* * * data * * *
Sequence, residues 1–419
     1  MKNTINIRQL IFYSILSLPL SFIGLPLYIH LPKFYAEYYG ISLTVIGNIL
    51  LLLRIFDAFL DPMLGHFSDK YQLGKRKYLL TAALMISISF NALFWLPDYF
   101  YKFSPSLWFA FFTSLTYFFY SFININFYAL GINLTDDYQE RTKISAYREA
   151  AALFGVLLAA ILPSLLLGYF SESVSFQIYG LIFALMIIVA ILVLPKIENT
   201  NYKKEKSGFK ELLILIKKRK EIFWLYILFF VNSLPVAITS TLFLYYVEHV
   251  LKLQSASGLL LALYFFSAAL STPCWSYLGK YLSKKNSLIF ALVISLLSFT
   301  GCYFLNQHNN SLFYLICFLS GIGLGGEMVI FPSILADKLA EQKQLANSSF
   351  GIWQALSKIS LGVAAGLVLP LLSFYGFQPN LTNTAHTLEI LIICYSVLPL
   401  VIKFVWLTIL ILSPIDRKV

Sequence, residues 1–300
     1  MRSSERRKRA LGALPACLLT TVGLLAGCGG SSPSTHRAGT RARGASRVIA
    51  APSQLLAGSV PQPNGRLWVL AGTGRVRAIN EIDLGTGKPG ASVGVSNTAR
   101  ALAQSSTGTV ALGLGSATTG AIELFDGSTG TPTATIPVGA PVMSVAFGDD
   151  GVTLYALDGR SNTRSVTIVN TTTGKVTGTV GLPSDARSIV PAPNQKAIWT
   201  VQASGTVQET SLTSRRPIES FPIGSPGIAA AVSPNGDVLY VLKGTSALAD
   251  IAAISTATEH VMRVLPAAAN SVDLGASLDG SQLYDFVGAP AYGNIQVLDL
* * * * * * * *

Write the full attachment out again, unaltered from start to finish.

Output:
Sequence, residues 1–419
     1  MKNTINIRQL IFYSILSLPL SFIGLPLYIH LPKFYAEYYG ISLTVIGNIL
    51  LLLRIFDAFL DPMLGHFSDK YQLGKRKYLL TAALMISISF NALFWLPDYF
   101  YKFSPSLWFA FFTSLTYFFY SFININFYAL GINLTDDYQE RTKISAYREA
   151  AALFGVLLAA ILPSLLLGYF SESVSFQIYG LIFALMIIVA ILVLPKIENT
   201  NYKKEKSGFK ELLILIKKRK EIFWLYILFF VNSLPVAITS TLFLYYVEHV
   251  LKLQSASGLL LALYFFSAAL STPCWSYLGK YLSKKNSLIF ALVISLLSFT
   301  GCYFLNQHNN SLFYLICFLS GIGLGGEMVI FPSILADKLA EQKQLANSSF
   351  GIWQALSKIS LGVAAGLVLP LLSFYGFQPN LTNTAHTLEI LIICYSVLPL
   401  VIKFVWLTIL ILSPIDRKV

Sequence, residues 1–300
     1  MRSSERRKRA LGALPACLLT TVGLLAGCGG SSPSTHRAGT RARGASRVIA
    51  APSQLLAGSV PQPNGRLWVL AGTGRVRAIN EIDLGTGKPG ASVGVSNTAR
   101  ALAQSSTGTV ALGLGSATTG AIELFDGSTG TPTATIPVGA PVMSVAFGDD
   151  GVTLYALDGR SNTRSVTIVN TTTGKVTGTV GLPSDARSIV PAPNQKAIWT
   201  VQASGTVQET SLTSRRPIES FPIGSPGIAA AVSPNGDVLY VLKGTSALAD
   251  IAAISTATEH VMRVLPAAAN SVDLGASLDG SQLYDFVGAP AYGNIQVLDL